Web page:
There was a gusty wind today. The changes in the sky were fast and total, from blue to gray in a matter of seconds, then a sudden opening the clouds and sunshine spilled onto the landscape. No one complained about the weather but there was a gusty feeling around the house as well.
Bursts of wind inside the soul manifest themselves as moodiness (as far as I can tell) and it was as if everyone was a little blustery today.
The benefit of these kind of squalls that come and go so speedily is that they provide a myriad of chances to invent creative solutions for next time. And in more candid terms, moody kids give parents a chance to get really good at dealing with change– minute to minute.
The girls argued today over a Play Mobile Horse Barn that they got for Christmas. Not surprisingly, Big Sister actually wants to organize and properly play with the horses. Little Bean really just likes to take things apart. She takes all the birdies out of the trees, takes the tree apart and then takes the hair and hats off all the people–things like that. Time apart after one such argument, seemed to give Big Sister a chance to strategize. When they began play again, she had divided the horse barn in half. Doling out specific pieces to Little Bean, she secretly kept others for herself. Then she would offer two of the fore chosen items and let Little Bean choose the one she wanted. Little Bean got to feel like she was choosing but Big Sister had pretty much already chosen for her. Way to use a mom move, kid. I’m impressed.
Later while planting seeds in the garden together, it was my turn. Big Sister decided to try to jump over three rows of seeds we had just planted. This didn’t work out and she fell, crushing the new planted rows. I tried to control my tone but with irritation in my voice, while I helped her get up, I ended up saying something like, Ok, well I guess you learned something, now get out of the garden patch– that way, pointing her in the direction that would do the least damage to the rest of the rows. When she quickly made a b-line to a known hiding place and didn’t come out when I called, I suspected I had hurt her feelings.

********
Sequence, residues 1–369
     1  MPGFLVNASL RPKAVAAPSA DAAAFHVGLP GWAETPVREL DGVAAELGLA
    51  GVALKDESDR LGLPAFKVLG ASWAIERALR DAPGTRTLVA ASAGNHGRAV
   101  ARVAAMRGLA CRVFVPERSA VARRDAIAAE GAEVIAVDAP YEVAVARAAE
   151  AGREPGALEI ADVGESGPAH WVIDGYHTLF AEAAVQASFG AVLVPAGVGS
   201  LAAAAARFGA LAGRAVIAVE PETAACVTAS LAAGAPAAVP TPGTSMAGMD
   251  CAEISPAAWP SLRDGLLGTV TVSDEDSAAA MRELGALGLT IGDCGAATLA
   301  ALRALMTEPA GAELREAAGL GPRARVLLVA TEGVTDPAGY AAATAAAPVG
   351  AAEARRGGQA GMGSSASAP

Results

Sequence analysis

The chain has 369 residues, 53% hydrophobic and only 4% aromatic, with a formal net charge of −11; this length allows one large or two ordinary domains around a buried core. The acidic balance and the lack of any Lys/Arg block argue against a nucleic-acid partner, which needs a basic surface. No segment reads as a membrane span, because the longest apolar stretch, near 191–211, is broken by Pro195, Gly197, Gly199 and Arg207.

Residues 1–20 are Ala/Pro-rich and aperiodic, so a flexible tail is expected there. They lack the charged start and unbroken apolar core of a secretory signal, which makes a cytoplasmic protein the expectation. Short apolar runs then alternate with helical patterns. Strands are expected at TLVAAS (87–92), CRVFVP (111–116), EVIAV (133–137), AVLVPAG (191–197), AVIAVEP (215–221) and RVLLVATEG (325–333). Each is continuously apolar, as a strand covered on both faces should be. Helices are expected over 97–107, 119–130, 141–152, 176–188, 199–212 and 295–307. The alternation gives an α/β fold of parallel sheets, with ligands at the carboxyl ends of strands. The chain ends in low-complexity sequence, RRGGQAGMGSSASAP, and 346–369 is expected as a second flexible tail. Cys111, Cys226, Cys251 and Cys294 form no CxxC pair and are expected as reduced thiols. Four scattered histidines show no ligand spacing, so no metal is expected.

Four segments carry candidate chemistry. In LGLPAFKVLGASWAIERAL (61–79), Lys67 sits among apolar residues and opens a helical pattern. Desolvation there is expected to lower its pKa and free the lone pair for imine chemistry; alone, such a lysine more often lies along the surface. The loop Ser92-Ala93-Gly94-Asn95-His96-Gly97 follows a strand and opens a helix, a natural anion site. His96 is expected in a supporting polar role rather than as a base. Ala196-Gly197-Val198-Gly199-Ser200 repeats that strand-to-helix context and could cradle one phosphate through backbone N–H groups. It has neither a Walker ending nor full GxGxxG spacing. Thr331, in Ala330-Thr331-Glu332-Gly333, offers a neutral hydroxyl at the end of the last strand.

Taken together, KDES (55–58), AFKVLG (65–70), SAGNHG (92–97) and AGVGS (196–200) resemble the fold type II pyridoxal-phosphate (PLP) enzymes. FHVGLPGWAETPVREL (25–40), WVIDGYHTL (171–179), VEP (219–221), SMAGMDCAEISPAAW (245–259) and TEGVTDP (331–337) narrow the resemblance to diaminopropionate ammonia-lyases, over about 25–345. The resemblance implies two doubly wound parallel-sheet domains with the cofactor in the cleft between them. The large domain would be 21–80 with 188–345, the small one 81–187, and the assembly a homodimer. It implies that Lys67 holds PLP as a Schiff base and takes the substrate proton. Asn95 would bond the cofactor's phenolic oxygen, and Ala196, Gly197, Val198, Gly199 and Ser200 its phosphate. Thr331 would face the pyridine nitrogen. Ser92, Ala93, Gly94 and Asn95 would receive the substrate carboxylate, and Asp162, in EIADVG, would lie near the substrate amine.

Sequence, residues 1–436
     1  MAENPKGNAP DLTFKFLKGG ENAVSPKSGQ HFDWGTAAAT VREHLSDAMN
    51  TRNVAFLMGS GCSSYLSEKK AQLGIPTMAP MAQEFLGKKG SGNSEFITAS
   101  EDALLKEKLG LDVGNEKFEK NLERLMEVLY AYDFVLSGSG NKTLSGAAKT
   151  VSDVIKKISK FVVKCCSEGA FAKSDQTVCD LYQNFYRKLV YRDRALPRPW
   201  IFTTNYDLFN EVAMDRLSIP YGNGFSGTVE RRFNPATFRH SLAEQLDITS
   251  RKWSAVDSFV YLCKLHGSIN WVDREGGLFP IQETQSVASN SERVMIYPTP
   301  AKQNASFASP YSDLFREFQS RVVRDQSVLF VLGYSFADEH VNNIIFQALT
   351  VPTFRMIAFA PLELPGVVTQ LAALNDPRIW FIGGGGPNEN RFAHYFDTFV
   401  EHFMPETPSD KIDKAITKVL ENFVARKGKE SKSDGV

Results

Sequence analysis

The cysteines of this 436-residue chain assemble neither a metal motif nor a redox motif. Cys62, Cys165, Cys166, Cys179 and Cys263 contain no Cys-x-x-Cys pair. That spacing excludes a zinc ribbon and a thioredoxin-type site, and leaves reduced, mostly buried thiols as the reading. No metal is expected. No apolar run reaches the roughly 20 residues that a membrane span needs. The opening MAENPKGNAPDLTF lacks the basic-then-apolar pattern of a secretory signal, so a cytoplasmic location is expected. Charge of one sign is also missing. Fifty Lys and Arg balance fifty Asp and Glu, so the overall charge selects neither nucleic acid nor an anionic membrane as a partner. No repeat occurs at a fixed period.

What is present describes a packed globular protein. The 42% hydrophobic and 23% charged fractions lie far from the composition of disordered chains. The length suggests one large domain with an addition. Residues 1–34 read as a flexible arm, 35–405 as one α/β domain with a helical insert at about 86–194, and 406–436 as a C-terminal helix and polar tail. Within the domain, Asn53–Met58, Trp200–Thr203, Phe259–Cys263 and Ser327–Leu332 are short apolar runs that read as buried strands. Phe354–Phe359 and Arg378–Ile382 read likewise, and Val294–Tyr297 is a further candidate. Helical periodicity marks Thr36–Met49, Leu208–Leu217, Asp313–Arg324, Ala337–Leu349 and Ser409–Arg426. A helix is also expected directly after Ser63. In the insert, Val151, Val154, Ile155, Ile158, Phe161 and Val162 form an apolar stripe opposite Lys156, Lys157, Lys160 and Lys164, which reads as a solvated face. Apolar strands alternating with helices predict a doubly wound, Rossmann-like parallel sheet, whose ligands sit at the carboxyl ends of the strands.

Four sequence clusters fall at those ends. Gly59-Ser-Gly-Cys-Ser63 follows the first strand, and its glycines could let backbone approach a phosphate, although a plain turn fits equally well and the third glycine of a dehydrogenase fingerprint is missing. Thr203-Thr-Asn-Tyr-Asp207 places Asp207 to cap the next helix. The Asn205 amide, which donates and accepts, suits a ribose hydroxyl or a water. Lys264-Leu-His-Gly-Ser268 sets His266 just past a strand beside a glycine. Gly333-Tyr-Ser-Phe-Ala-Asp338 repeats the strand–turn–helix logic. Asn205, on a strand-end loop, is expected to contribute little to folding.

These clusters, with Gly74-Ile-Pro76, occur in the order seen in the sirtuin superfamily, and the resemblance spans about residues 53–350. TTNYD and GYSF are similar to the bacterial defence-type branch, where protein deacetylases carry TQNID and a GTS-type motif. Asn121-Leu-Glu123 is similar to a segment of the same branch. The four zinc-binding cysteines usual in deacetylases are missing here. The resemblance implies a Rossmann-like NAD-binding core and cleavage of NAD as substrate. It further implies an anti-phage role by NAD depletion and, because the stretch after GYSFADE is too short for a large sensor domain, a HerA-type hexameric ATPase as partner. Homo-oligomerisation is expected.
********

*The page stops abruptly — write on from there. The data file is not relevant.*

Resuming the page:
There she was tucked into a little ball behind the rain-water barrel, crying. Go away, she said, when I came into view. I’m sorry sweetie, I said. It hit me that she’s just learning to garden, I don’t want to discourage her now at the very beginning. She can’t have any sense of how special it is for me that she likes to garden together. I don’t want to ruin that. And she certainly didn’t do it on purpose. She doesn’t really know how far she can jump.
I asked her if she wanted to tell me how I’d made her feel. Then I tried make her laugh. Stop talking Mommy, she said.
So I just sat there for a while. Eventually I asked her if she wanted to plant the last row of seeds together. We had been marveling at the way the flower seeds all look so different from one another, luckily we had one more pack to open. After a while she came over and sat on my lap and snuggled. Once we were back in the rows planting the last of the seeds she said, It just felt like you wanted me to go away.
And then I knew that it wasn’t the tone, it wasn’t even that I got frustrated with her, or that she made a mistake—it was when I said the words, Get out of the garden patch that way. My focus was on the seeds and the work we had done and not on her. Sadly she only heard, Get out of the garden patch. Ouch.
I would prefer that I always reacted perfectly, thereby avoiding the need to fix things at all with people, but if I’m going to have to go into the deep, humble place of hurt feelings and apologies, I’d prefer that it always be like it was today.
For dinner we ordered food from our local restaurant and picked it up after a little hike. During the hike the world almost came to an end when the two little ladies actually had to walk because no one would carry them on their shoulders. It’s called a hike for a reason, I wanted to say, because you’re supposed to walk. But I’ve been trying to avoid sarcasm…every since a few weeks ago when I said, Greeaat, and Big Sister observed that my voice didn’t really sound like I thought it was great. If something is great, she said, you should say, Great! and smile and look happy. Touché.
The gales of feelings lasted until dinner time. While eating, the wind seemed to die down. Although, when Little Bean had finished, she pushed her plate away and said proudly, I’m all done–only to immediately melt into tears when she saw Daddy finish the last of the potatoes. You said you were all done, I reminded her smiling. Oh yeah! She said happily, I’m done. I want to play. Just one last little gust of wind I guess.